May 10, 2009

Sheep to Sweater Sunday n°1 "The Fleece"

I thought that it might be fun to reserve Sundays for a special column that I’d like to call « Sheep to Sweater Sunday ». I’d like to set aside this time/space to show you how I process ouessant fleece. This is also where I’ll keep you up-to-date on the fiber projects that I’m currently working on.

So let’s start at the beginning.

The fleece!

Actually I could go on for hours about fleeces. But for right now, let’s stick to the basics!

Ultimately the success of your final creation is dependent on the quality of the fleece that you start with!

So what is a good fleece?

Admittedly, different spinners look for different things in a fleece.
But here are a few things that I consider essential :

  • Good staple length & strength : Personally I prefer a staple length between 4-5 inches (10-13 cm), with the minimum being 3 inches (7.5 cm). Additionally it’s important to make sure that there’s no problem with wool break.
  • A well skirted fleece, with all low-quality, short wool (belly wool, etc), tags, manure, etc... removed.
  • Few if any second-cuts. They are a pain when processing a fleece. That said, speaking as someone who shears their own sheep, second cuts are, to a certain extent unavoidable. But the shearer should be careful to remove any second-cuts from the fleece before rolling and storing. It doesn’t take much time to do this and it makes processing the fleece a lot easier.
  • Very, very little vegetable matter, if any at all. A bit of straw here or there isn’t a problem as long as it’s a big piece that is easily removed. The worst by far is vegetable matter that looks like finely chopped hay or straw. It’s virtually impossible to remove during processing. It is true that combing a well scoured fleece does help with this. But honestly, it’s easier to start with a good fleece to begin with.
  • No cotting or matting. Unfortunately a matted or cotted fleece is destined for the compost heap! You just can’t spin a felted fleece! Cotting is very common in ouessant sheep. I believe that one aggravating factor is the fact that many breeders shear too late. Think about it : if you have a lamb born in March 2007, but don’t shear until June or even July 2008, the fleece has been on the sheep for 15-16 months. Add a nice dose of rain, lots of rubbing up against trees and having lambs jump up on your back ... well, in short it’s a recipe for a felted sheep and a wasted fleece.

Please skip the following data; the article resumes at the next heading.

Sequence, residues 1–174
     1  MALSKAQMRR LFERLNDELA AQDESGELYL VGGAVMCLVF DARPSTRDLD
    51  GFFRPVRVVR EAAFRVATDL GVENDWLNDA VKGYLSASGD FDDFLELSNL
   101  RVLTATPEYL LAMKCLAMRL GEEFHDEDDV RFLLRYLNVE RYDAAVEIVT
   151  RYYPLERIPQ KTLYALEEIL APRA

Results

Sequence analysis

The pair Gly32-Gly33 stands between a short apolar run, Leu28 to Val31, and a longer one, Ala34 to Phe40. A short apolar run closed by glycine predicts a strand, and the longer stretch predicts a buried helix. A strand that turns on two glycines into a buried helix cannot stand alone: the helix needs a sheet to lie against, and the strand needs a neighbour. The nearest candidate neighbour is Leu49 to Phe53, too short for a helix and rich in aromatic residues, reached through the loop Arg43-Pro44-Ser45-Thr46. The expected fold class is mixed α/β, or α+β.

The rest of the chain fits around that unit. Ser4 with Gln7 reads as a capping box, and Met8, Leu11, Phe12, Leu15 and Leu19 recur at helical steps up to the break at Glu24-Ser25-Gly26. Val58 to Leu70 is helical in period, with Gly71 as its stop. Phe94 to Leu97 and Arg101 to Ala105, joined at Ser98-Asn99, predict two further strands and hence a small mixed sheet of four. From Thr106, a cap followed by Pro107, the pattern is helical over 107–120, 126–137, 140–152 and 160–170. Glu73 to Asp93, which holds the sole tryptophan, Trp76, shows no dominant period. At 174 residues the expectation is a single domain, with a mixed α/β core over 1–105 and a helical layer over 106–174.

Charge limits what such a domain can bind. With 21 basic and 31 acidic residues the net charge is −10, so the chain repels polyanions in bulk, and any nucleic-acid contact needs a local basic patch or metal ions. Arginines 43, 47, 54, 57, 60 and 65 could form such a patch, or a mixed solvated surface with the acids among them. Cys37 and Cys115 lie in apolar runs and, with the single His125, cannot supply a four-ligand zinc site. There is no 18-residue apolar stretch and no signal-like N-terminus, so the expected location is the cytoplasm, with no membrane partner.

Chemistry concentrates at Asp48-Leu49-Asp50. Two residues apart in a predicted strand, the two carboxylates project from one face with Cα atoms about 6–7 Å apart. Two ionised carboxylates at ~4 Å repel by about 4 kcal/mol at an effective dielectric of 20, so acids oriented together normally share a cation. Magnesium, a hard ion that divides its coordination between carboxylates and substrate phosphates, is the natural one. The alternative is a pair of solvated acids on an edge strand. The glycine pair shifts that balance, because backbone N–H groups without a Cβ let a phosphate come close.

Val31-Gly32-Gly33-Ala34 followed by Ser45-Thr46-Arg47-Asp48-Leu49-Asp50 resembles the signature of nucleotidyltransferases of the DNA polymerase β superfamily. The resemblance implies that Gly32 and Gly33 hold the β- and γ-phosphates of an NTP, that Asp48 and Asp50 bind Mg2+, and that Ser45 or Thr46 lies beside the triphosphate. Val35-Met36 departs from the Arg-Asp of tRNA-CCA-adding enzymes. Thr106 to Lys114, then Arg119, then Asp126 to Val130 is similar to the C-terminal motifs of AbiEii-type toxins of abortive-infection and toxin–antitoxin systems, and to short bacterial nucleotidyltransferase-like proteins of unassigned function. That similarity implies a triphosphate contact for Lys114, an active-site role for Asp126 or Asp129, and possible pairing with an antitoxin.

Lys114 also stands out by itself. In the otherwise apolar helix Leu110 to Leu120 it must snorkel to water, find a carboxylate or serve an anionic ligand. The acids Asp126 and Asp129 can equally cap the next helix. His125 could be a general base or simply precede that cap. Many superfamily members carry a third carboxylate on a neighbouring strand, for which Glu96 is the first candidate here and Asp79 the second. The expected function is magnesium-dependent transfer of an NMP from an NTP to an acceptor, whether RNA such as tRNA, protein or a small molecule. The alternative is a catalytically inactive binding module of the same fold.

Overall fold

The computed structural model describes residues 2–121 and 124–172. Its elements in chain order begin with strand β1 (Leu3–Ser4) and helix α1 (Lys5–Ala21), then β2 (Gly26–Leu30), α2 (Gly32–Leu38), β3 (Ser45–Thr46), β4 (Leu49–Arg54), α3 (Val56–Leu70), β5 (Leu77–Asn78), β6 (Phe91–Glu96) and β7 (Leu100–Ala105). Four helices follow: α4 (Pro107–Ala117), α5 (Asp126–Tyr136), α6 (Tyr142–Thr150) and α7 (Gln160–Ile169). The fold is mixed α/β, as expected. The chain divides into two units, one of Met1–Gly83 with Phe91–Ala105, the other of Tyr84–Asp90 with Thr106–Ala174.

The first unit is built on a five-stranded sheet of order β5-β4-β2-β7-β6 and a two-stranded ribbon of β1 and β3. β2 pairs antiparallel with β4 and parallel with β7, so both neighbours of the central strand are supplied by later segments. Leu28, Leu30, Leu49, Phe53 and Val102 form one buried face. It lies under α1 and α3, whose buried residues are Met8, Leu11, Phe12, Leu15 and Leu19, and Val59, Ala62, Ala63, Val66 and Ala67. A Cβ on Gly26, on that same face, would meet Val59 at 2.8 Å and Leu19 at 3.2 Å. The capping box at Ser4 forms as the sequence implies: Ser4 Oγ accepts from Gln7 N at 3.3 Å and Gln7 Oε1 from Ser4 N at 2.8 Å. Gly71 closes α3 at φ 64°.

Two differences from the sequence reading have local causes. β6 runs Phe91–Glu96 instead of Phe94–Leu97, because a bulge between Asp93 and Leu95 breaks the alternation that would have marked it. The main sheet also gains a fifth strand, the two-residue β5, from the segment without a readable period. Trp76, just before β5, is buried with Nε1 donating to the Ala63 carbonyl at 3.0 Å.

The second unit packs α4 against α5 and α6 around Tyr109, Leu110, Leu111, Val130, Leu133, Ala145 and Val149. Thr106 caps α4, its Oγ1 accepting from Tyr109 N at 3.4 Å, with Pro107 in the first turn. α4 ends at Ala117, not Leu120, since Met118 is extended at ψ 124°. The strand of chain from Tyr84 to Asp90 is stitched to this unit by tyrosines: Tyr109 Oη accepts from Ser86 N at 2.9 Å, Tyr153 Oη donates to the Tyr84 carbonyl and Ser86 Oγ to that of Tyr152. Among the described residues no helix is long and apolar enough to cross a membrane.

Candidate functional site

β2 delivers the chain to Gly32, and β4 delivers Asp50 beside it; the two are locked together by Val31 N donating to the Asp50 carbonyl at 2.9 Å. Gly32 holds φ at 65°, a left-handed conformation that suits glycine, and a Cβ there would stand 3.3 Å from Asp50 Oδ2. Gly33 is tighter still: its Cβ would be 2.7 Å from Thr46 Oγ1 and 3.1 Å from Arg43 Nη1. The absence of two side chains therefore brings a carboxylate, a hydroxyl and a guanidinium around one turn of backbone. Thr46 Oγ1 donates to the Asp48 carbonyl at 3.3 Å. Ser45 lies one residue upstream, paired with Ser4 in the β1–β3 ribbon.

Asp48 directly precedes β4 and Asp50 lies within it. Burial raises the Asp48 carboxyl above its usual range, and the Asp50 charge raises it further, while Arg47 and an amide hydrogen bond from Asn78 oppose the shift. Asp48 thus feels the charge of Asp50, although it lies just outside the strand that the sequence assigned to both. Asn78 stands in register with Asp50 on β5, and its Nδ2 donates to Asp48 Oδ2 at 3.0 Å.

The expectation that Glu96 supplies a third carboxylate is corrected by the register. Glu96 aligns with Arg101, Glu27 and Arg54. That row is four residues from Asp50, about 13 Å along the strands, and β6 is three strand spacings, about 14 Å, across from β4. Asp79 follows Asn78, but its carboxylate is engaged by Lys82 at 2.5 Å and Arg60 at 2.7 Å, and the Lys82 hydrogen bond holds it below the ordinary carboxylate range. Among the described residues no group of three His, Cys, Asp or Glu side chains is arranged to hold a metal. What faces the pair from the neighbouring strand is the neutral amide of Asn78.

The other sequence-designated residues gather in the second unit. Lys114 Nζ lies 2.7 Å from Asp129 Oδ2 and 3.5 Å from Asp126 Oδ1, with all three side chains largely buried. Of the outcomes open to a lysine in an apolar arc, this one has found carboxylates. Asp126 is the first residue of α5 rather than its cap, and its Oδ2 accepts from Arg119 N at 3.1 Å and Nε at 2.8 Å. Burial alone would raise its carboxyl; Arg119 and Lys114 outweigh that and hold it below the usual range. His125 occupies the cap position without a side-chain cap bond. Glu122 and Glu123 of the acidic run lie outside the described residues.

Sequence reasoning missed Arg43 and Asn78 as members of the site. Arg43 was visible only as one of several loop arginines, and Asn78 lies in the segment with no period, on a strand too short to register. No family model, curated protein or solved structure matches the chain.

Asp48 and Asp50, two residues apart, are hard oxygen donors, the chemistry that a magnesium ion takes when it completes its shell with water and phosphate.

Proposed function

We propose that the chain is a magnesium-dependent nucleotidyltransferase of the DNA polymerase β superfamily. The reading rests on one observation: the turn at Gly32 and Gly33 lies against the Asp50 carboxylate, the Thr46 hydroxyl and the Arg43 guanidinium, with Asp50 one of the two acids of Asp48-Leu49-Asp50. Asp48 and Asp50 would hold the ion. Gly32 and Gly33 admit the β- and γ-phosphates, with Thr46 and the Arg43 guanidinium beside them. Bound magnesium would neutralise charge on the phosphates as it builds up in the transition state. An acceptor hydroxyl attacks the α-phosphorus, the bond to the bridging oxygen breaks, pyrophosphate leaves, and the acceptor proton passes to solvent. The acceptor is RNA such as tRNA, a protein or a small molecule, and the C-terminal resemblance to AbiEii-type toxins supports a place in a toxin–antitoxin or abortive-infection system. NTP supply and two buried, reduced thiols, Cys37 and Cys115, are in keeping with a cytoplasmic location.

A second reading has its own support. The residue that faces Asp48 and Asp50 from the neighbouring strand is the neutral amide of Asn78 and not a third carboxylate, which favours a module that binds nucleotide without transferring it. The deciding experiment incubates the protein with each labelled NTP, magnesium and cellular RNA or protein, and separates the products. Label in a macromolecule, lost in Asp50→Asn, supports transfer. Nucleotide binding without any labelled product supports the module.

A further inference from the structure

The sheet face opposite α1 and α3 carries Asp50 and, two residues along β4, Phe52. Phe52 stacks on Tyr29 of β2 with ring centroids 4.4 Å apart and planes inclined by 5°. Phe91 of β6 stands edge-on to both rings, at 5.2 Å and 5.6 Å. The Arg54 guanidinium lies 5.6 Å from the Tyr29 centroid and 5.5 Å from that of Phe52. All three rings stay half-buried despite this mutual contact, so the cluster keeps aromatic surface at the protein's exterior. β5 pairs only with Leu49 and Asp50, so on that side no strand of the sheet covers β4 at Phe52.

That’s what I look for in a fleece ... and this is one of the reasons why I coated my sheep this past year. Coating has given me some lovely fleeces : no cotting, no vegetable matter, beautiful staple length, and exceptional "condition" and wool quality. But more on coats later ...

Here are a few examples of what I consider high quality ouessant fleeces ... and yes, they are from my little flock!

Noisette (brown) -- light to medium fawn ouessant fleece
Praline's fleece : skirted, tip-side up

coated last 5 months of the year (since December)

White ouessant fleece
RhumRaisin's fleece : skirted, tip-side up
coated since shearing last spring

Noisette (brown) -- dark chocolate brown ouessant fleece
Nougatine's fleece : skirted, tip-side up
coated last 5 months of the year (since December)


angella said...

hi from northern canada!

firstly, lovely fleeces, and what adorable excellent sheep you've got there :) i'm a fellow ravelry fibre-lover and thought i'd pop in to read a bit about you're woolish life.

ps. Dagobert is gorgeous! he certainly has a stoic face on him!

Diane said...

Hi Angella, glad you popped over for a visit. And thank you, I must say that I'm rather partial to my little flock...they are cute. I wish you could see the lambs : so tiny and sweet! Dagobert is a real looker and the rare grey color is awesome. Unfortunately, I'm not sure if I'll be using him for breeding ... just a little too big for my tastes. -sigh- one has to be selective. Too bad, as he has the most laid back personality for a ram.

nekobasu said...

Do you still raise Ouessants? I've been experimenting with different breed's fleeces and am having a hard time finding Ouessant for sale.

Thank you for visiting the Spinning Shepherd!